For all the books I’ve read on work-life balance and crafting an ideal existence, no author has caught my attention quite the way Tim Ferriss did when I finally bought his first book in 2008. I’d spent months laughing it off because of its ridiculous-sounding title: The 4-Hour Workweek. One day when my curiosity got the best of me I picked up the book and started reading. I finished it quickly.
The 4-Hour Workweek turned out to be the closest thing I’d found to a liberation manifesto for over-worked office-bound yuppies who have a sick sense that life is slipping away as they sip lukewarm coffee at directionless committee meetings. Tim Ferris’s core concept is what he calls “Lifestyle Design”. What it boils down to is the need to define the ideal lifestyle (read: liberation from 9-5) and then, using the tools in the book (near-fanatical decluttering, starting your own automated income stream, etc), to achieve personal goals that he encourages readers to set unrealistically high.
His logic for such ambition? “Doing the unrealistic is easier than doing the realistic… It’s lonely at the top. Ninety-nine percent of people in the world are convinced they are incapable of achieving great things, so they aim for mediocre. The level of competition is thus fiercest for ‘realistic’ goals, paradoxically making them the most time-and energy consuming…. Having an unusually large goal is an adrenaline infusion that provides the endurance to overcome the inevitable trials and tribulations that go along with any goal.”
I love Tim Ferriss. I could spend the post trying to sell you on him but I want to focus in on some of the key principles that I like best and that I think best support the idea of putting an unusually strong emphasis on the importance of service in life. The idea starts with his quoting Oscar Wilde (in The Importance of Being Earnest): “Everything popular is wrong.” From this starting point Tim builds a case for challenging commonly-held assumptions and the arbitrary crap that convention and “the way things have always been done” tend to force upon us.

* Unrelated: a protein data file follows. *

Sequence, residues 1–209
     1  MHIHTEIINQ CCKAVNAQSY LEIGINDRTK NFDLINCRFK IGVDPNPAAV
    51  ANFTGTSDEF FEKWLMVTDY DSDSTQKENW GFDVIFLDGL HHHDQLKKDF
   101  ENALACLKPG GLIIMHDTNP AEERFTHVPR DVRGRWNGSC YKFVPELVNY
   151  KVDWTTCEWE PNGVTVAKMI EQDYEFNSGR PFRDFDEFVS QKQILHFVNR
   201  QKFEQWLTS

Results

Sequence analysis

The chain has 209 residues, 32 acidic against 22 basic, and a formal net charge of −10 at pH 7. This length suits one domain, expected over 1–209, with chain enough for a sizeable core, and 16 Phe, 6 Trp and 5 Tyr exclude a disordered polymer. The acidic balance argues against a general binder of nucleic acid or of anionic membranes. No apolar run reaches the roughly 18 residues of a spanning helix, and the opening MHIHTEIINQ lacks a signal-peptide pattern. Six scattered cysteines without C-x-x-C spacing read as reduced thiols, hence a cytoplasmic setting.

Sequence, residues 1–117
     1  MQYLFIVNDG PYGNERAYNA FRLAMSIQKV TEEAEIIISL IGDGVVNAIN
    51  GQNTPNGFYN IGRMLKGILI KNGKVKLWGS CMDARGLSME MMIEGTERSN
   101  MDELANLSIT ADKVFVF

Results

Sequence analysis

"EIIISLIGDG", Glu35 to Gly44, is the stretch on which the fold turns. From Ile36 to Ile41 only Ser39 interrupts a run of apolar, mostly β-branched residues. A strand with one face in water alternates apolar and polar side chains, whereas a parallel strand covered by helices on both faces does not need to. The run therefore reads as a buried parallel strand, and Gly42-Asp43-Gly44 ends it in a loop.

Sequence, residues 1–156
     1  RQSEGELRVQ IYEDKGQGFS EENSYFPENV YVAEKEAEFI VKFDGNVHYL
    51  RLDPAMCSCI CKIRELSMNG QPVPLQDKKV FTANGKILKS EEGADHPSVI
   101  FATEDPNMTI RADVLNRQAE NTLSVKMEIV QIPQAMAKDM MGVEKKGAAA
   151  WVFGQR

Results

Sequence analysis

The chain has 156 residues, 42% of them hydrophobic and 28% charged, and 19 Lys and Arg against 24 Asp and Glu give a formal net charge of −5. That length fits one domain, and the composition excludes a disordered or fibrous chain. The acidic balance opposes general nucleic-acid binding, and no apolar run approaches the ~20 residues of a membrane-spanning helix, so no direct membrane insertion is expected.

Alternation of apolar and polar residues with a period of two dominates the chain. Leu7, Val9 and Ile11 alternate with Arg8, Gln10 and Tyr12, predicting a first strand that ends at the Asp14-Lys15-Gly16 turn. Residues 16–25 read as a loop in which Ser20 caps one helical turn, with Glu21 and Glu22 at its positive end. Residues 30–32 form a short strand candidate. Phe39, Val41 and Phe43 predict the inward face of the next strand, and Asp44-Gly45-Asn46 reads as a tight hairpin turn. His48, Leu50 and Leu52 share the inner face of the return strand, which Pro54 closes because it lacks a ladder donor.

His first rule for those that choose to join him in bucking convention, is “Retirement is Worst-Case-Scenario Insurance”… “It is predicated on the assumption that you dislike what you are doing during the most physically capable years of your life. This is a nonstarter-nothing can justify that sacrifice.” I love this insistence on creating a life that can be fully enjoyed in the here and now rather than sacrificing everything for a pot of gold at 65.
Tim Ferris defines laziness as “to endure a non-ideal existence, to let circumstance or others decide life for you, or to amass a fortune while passing through life like a spectator from an office window.” This resonates with me on a very fundamental level. My parents were idealists who gave up financially lucrative work opportunities to work as missionaries in Africa and Asia for over 10 years. Growing up in Asia with parents that were very intentional in choosing what they felt was the “ideal existence” while rejecting life lived from a sanitized office window certainly had an effect on me. I definitely agree with Tim Ferris that just following what most do, going with what numbers define as popular, is a mistake. It is life on cruise control – bland, lifeless and over-processed.
But what am I doing personally to reject crippling convention and embrace a life of intentional service? This blog is one of my first steps. I also took two years out of my life to work on service projects. The first time I was 16 and I left my family to work on service projects in the Philippines and Sweden. The second was a year I spent working for an international school in the UK. As a result of these two lifestyle experiments I developed a taste for nonprofit work. It has soul.
What about you? What are your ideas for rejecting the norm in favor of a life of service? If you are up for looking at unconventional ways to live a fuller life, I am excited to share ideas with you over the coming months as CultureMutt takes a close look at social innovators and service junkies that all have in common rejecting convention in favor of savvy, global do-gooding.
If you liked this post, make it public by hitting the Facebook “Like” button below. Thanks!